tiff 2018

Dave Franco’s Cameo Turns Out to Be Most Polarizing Part of If Beale Street Could Talk

Dave Franco. Photo: Daniel Boczarski/Getty Images for Netflix

Barry Jenkins’s If Beale Street Could Talk received a rousing ovation when it premiered at Toronto Sunday night, but I’m curious to see how aspects of it will play outside of a festival atmosphere. What will theatergoers make of the film’s reverent, almost dreamlike air? Which loving close-up of KiKi Layne’s face will be turned into a meme first? And, most of all, how will people feel about Dave Franco’s cameo?

Franco shows up about halfway through the movie, wearing what can only be described as Jewface (a yarmulke, cardigan, and tiny mustache). He’s playing Levy, the only landlord downtown who will rent a loft to Fonny (Stephan James) and Tish (Layne). It’s a gigantic space, and Tish wonders how it will ever feel like home. So Fonny and Levy do an impromptu bit of improv, laboring over an imaginary fridge. Tish, a natural scene partner, is won over enough to give them a yes-and: What about her stove? It’s a fun, loose bit in a movie that can sometimes feel frozen in amber, and the audience, at least in Toronto, seemed to enjoy it.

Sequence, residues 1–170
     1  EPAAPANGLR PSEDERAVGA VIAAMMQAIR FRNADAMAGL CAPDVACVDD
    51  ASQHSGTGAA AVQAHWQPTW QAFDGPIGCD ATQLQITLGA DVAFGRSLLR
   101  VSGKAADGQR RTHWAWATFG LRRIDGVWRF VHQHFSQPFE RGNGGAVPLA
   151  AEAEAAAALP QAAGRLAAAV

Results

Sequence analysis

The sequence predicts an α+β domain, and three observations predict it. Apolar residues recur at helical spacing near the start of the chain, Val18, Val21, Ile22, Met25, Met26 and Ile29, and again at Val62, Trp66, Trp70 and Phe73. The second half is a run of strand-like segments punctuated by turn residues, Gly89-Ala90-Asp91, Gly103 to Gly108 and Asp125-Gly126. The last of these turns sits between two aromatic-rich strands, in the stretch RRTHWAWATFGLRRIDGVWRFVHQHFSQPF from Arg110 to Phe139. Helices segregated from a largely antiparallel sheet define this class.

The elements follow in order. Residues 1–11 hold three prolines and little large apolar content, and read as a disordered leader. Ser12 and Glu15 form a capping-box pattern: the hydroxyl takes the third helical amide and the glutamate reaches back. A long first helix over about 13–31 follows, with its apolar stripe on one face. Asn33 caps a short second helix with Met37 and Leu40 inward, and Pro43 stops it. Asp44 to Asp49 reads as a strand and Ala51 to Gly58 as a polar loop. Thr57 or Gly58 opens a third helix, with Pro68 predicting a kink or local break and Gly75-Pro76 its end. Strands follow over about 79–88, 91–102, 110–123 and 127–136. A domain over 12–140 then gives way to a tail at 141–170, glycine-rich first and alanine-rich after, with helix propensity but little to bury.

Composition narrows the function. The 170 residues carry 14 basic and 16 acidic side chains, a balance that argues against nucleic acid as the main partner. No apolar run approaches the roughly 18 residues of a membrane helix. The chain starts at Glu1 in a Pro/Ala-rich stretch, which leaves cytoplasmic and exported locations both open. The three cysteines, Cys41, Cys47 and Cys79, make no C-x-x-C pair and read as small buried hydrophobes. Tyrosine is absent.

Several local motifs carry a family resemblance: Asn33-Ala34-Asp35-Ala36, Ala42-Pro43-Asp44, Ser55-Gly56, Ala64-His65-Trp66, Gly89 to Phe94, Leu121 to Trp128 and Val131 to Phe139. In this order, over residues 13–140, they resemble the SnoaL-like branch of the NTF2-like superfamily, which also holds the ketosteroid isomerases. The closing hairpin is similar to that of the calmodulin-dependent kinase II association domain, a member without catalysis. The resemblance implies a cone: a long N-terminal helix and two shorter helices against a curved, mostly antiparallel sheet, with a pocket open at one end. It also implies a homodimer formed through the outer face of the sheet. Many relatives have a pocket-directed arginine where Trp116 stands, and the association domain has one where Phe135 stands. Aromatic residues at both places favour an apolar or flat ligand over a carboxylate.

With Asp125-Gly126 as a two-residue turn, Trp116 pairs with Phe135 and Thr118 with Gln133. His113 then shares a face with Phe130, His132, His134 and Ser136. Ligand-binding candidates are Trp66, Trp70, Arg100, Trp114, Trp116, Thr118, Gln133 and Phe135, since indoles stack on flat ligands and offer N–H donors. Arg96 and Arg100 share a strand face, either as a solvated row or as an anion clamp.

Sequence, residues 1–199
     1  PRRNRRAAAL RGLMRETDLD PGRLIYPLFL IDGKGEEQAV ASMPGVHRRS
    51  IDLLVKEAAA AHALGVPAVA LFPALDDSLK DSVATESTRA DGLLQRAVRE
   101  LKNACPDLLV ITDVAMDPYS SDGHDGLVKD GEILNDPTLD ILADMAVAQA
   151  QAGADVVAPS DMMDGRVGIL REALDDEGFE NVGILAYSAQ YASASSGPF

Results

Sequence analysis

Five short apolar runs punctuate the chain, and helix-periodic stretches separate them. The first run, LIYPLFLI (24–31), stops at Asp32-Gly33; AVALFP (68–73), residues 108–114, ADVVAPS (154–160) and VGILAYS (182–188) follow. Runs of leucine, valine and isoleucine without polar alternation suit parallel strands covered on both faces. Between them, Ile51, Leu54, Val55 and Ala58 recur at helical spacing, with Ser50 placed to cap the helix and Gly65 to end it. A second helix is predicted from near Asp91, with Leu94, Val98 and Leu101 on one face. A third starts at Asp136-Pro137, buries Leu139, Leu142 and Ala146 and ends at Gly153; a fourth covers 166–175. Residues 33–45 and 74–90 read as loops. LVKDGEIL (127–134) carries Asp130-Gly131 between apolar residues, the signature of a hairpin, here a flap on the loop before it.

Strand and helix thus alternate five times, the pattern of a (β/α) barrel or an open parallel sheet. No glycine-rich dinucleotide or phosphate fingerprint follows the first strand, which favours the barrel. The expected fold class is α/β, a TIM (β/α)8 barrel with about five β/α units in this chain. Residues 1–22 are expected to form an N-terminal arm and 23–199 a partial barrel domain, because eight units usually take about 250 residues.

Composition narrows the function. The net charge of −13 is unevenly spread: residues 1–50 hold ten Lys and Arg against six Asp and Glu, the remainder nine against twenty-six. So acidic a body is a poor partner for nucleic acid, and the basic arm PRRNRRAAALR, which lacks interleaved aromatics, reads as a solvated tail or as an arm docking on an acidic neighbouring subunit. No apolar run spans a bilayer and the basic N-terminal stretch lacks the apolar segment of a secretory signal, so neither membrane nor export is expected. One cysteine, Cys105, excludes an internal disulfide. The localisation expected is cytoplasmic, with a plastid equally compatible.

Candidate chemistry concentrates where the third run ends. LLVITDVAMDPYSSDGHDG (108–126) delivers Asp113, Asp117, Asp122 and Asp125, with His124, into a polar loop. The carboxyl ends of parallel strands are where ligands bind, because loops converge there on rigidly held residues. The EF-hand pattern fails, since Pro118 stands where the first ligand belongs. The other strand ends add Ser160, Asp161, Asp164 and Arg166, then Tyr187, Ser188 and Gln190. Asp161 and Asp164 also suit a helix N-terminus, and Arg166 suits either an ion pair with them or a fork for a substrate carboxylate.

The real polarizing part comes next. We cut to the building’s roof, where Fonny and Tish ask Levy why he’s so willing to rent to a poor black couple. He answers with a sensitive monologue about the power of love, and this is where opinions differ. Is this scene a poignant moment underlining the necessity of human connection to cut through oppressive power structures, as Jenkins clearly intends? Or, as some viewers who found it pretty corny argued at the movie’s premiere party, is it a disruption of the movie’s carefully considered tone to hand one of the most pivotal emotional beats to the guy from Neighbors?

Franco’s not the only cameo in the film: Brian Tyree Henry, Diego Luna, and Pedro Pascal all have small roles, too. But those actors manage to vibe on the movie’s wavelength in a way that Franco doesn’t. Maybe that’s because of his acting, although I don’t think that’s the case. (In his talk back after the screening, Jenkins explained that the actor originally turned in a performance much more in line with his past work, before he got a note that made it click for him.) Maybe it’s his comedy background. Or it could just be that he has a particularly 21st-century face? Whatever the case, he just pops. Still, he can take solace in this: It’s far from the most uncomfortable rooftop scene the actor has been a part of recently.

Dave Franco’s Cameo Was Most Polarizing Part of Beale Street